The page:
I was cool. I was a rebel and I was tough. Or so I thought.
At 14, I rode a skateboard and hung out with loud punk rock boys who drank and smoked and broke things.
They kept me around because I could keep up with them. I played ultimate frisbee in Doc Martins and skateboarded down over-parks in the dark. I rode on the back of my boyfriend’s Bultaco motorcycle that was held together with wire and duct tape. I went to concerts in basements that smelled like teenage sweat and old beer and I spent four hours a day at the ballet studio.
I was a dancer.
We were weighed regularly at the studio. Evidently young male dancers were never expected to lift over 100 pounds. I was 103. The studio director told me to lose three pounds if I wanted partner roles.
The older girls ate alfalfa sprouts with sunflower seeds and lemon juice by the bowl full, smoked cigarettes by the pack full and popped pills by the handful. The girls told me that if I took the little black pills and smoked cigarettes I would never be hungry. They were right.
I lost those three pounds but the girls forgot to tell me that 15 years later I would nearly make myself crazy trying to figure out how to live without cigarettes.
When I was 16, I quit ballet following a weigh in and a scolding for not having shaved my legs that day. The dirty loud boys with motorcycles and skateboards could care less how much I weighed or how hairy I was so I emptied my locker and walked out, a cigarette in my hand and a pocket full of the last little black pills I would ever take.
Smoking made me feel older and tougher and in charge, not to mention, all of the guys smoked and I wanted to be “one of the guys.”
The idea of quitting then or any other time in my teens never occurred to me. I was rowdy and reckless and never expected to live long enough to encounter disease. Back then the future was next week.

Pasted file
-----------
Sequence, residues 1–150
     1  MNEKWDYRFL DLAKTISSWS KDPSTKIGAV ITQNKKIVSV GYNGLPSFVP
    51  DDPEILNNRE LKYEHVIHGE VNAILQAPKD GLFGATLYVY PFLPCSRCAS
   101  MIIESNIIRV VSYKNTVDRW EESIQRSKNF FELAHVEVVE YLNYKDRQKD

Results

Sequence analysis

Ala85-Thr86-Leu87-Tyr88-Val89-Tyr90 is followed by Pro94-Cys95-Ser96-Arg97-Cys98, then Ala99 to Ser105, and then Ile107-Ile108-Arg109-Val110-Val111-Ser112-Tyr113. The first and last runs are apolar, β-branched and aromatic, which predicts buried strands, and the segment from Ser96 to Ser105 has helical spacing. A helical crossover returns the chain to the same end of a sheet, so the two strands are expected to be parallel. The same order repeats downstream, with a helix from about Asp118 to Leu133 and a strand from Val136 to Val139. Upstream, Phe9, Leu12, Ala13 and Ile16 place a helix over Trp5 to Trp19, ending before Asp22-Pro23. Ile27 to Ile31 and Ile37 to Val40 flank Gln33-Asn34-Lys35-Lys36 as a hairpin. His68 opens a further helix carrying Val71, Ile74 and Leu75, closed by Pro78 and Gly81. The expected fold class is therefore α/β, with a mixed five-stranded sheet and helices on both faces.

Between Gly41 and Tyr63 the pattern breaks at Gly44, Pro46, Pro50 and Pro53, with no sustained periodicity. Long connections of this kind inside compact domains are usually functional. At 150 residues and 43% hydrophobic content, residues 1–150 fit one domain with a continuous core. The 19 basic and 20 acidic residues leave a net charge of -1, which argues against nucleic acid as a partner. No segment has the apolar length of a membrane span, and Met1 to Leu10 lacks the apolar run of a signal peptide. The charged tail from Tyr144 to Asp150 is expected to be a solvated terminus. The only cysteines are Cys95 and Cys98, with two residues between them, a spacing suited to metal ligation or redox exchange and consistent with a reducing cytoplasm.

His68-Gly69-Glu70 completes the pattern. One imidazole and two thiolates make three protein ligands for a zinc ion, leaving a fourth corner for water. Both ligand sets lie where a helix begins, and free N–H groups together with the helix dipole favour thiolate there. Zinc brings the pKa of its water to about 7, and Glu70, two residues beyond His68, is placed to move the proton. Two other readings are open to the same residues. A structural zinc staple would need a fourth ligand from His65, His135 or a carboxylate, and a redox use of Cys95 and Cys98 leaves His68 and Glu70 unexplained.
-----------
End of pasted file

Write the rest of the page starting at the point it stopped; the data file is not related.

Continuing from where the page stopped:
The first time I really thought about a down side of smoking was when I was 21 and found myself pregnant. It was easy to quit for someone else. I just did it. Two hours after the plastic wand I had peed on turned pink I quit. Just like that. I didn’t want a cigarette again until my daughter was over a year old. I was only going to smoke one, but the next day I smoked another and later that day, another and then another…and then I bought a pack.
Habits are funny that way.
I was in publishing throughout my 20’s. I spent countless hours in a darkroom or in front of a computer racing the clock to beat deadlines. Sometimes, I worked 18 or 20 straight hours. As long as it took to get the job out the door and to the printer. In those days, I survived mainly on coffee and cigarettes. My breaks to smoke and walk down the street for an espresso were often the only time I took away from my desk.
Those breaks were my salvation. Cigarettes were my best friends.
My boss had smoked for years and years. She wore bright pink lipstick that would, by afternoon seep into the wrinkles around her lips, reminding me of the women in a Toulouse-Lautrec painting. I would picture her dancing in the Moulin Rouge in a dirty, ruffled petticoat with blond hair piled on top of her head and those pink lips mouthing the words to whatever song was playing in her head.
I never wanted those tell tale smokers wrinkles so I swore that I would never smoke past my 30th birthday.
I was a midwife and an herbalist. I was a vegetarian and a mom whose daughter never ate sugar or drank soda. I hiked and worked out at the gym and smoked a pack of cigarettes every day. I was a walking, talking hypocrisy.